MikroElektronika today announced that May 6, 2014 marks the 10th anniversary since it started developing compilers for Embedded programming – mikroC, mikroPascal and mikroBasic. The company will celebrate the occasion with a month long campaign that will include exclusive content, discounts and weekly full compiler license giveaways.
The successful release of mikroPascal for PIC in 2004 spawned an extensive product line that today has 18 compilers for six popular MCU architectures (ARM, PIC, dsPIC/PIC32, 8051 and AVR) that had a significant impact on the embedded electronics industry.
MikroElektronika celebrates a decade of compiler development - [Link]
Once you start building something with microcontrollers, one thing you need to take in to account is programming adapter. This is a device which allows to upload compiled code in to chip. I don’t know if this is still a fun to build your own DIY programming adapter which is not guaranteed to support all chips nor it will be safe and reliable. AVR microcontroller niche is one of most interesting when talking about programmers. If you take a look at AVRDUDE configuration file you will find that there is about 50 of them. Many of them are DIY while other are official.
Choosing right programmer for AVR microcontrollers - [Link]
Do you need a quick and easy way to program AVR chips. Did you know you can use your Arduino and the Arduino IDE? This Arduino shield makes the process much easier.
Arduino AVR Progamming Shield - [Link]
ISPnub is a simple to use stand alone programmer intended for flashing AVR controllers in the field directly in the target system or during production. The module has only one button and two leds as user interface.
- No external power supply needed. Uses voltage provided by target (1.8V to 5.5V).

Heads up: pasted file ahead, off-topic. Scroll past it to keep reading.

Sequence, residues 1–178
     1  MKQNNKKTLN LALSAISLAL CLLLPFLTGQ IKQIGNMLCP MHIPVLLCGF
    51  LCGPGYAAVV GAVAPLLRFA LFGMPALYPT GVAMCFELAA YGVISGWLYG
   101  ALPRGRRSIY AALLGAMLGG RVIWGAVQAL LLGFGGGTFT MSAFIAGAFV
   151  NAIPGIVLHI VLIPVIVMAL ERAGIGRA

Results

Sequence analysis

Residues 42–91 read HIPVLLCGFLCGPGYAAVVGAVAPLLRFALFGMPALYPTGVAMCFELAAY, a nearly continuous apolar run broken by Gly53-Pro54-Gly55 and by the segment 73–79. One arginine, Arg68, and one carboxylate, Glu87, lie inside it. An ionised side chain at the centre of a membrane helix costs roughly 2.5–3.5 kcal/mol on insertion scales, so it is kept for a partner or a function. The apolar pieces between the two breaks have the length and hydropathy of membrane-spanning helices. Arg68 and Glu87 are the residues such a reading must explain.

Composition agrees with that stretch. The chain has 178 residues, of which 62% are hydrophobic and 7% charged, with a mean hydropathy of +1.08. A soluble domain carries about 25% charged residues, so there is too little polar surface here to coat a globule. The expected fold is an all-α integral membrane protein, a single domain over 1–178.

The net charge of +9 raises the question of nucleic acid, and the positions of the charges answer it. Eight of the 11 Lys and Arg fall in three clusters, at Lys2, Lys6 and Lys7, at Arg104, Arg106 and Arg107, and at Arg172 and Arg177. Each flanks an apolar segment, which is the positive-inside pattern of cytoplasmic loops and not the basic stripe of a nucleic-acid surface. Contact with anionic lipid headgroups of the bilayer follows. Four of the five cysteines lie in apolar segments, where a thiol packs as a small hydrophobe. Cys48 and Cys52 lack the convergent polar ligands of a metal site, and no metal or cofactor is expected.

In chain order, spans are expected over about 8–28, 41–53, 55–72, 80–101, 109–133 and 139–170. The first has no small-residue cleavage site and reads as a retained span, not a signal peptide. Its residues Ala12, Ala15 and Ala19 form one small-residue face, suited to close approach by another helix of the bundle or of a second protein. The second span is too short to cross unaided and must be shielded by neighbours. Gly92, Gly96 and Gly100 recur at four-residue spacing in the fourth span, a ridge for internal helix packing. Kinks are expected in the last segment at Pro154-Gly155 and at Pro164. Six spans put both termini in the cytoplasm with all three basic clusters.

- Programming counter. Limit possible programming cycles. After allowed cycles, no further programming is possible (module has to be erased/reprogrammed).
- One-button-programming: connect – push button – wait for red led off.
- Simple LED schema:
- green on = ok
- green blink = counter expired
- red on = programming
- red blink = error
- Define programming with simple script. Script converter generates HEX file for module.
- Load module with any ISP programmer which supports ATmega1284p
- 120kB memory space for programming data
ISPnub – Stand-alone AVR In-System-Programmer Module - [Link]
A beginner’s guide to AVR programming on instructables. It cover the basic setup to light up some leds.
Beginner’s Guide – AVR Programming - [Link]
Evilthingamabober @ instructables.com writes:
Microcontrollers are, without a doubt, amazing little things. They are versatile, powerful, and extremely tiny. Unfortunately, the latter trait is also shared by both my wallet and my programming skills. My understanding of C is poor, and I can hardly afford to buy something like an Arduino or a decent ISP. And in any case, the Arduino would be overkill for many of my projects, which only need simple IC’s.
But as many of you know, DIY always finds a way. This tutorial is meant for those among us with no budgets or programming experience who want to start using these little machines. It is not based around the ATmega328 (the Arduino Uno chip), but rather the Attiny line of chips (the Atiny85 and Attiny2313, to be specific). The total cost of this project can go as lower than $15 if you know where to buy from, and you can still use the original Arduino IDE and language to program your projects in the end. Keep in mind that you will need some soldering skills to get this project done.
The Idiot’s Guide to Programming AVR’s on the Cheap - [Link]
Zak Kemble writes:
While working on an update for my CPU Usage LEDs project, I thought why not just make it into a universal RGB LED controller? The CPU Usage LEDs controller took a value between 0 and 255, worked out what colour it should be and then fade to that colour. This was very limiting; changing what colours it used and how it fades required a firmware update. With this universal RGB LED controller the host software does all the work and the controller is simply told what brightness the red, green and blue LEDs should be. To make it as easy as possible to interface with the controller I created a library which deals with all the LibUSB stuff.
AVR USB RGB LED controller - [Link]
Davide Gironi writes:
This library is an update of the software PWM driver you can find here.
This update implements also progressive start / stop features. So, with this one, you can drive up to 4 motors independently controlling: speed, direction, slow start / stop
Driving a DC motor using software PWM with AVR ATmega - [Link]